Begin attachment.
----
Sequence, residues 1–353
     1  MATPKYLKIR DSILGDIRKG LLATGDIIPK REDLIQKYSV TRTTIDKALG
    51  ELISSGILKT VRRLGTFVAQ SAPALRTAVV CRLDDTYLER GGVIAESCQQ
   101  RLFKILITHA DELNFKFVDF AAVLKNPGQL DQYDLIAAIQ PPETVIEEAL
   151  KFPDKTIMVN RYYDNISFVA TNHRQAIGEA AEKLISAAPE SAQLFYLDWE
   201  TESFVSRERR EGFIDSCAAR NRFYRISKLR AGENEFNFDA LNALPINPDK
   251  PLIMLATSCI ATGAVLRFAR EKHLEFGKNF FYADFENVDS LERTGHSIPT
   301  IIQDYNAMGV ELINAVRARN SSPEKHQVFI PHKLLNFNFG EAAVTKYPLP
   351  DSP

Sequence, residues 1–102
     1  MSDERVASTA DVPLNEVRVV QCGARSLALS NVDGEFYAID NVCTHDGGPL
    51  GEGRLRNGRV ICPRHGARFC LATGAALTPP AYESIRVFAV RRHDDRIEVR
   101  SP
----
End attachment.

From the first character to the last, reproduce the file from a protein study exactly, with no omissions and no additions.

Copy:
Sequence, residues 1–353
     1  MATPKYLKIR DSILGDIRKG LLATGDIIPK REDLIQKYSV TRTTIDKALG
    51  ELISSGILKT VRRLGTFVAQ SAPALRTAVV CRLDDTYLER GGVIAESCQQ
   101  RLFKILITHA DELNFKFVDF AAVLKNPGQL DQYDLIAAIQ PPETVIEEAL
   151  KFPDKTIMVN RYYDNISFVA TNHRQAIGEA AEKLISAAPE SAQLFYLDWE
   201  TESFVSRERR EGFIDSCAAR NRFYRISKLR AGENEFNFDA LNALPINPDK
   251  PLIMLATSCI ATGAVLRFAR EKHLEFGKNF FYADFENVDS LERTGHSIPT
   301  IIQDYNAMGV ELINAVRARN SSPEKHQVFI PHKLLNFNFG EAAVTKYPLP
   351  DSP

Sequence, residues 1–102
     1  MSDERVASTA DVPLNEVRVV QCGARSLALS NVDGEFYAID NVCTHDGGPL
    51  GEGRLRNGRV ICPRHGARFC LATGAALTPP AYESIRVFAV RRHDDRIEVR
   101  SP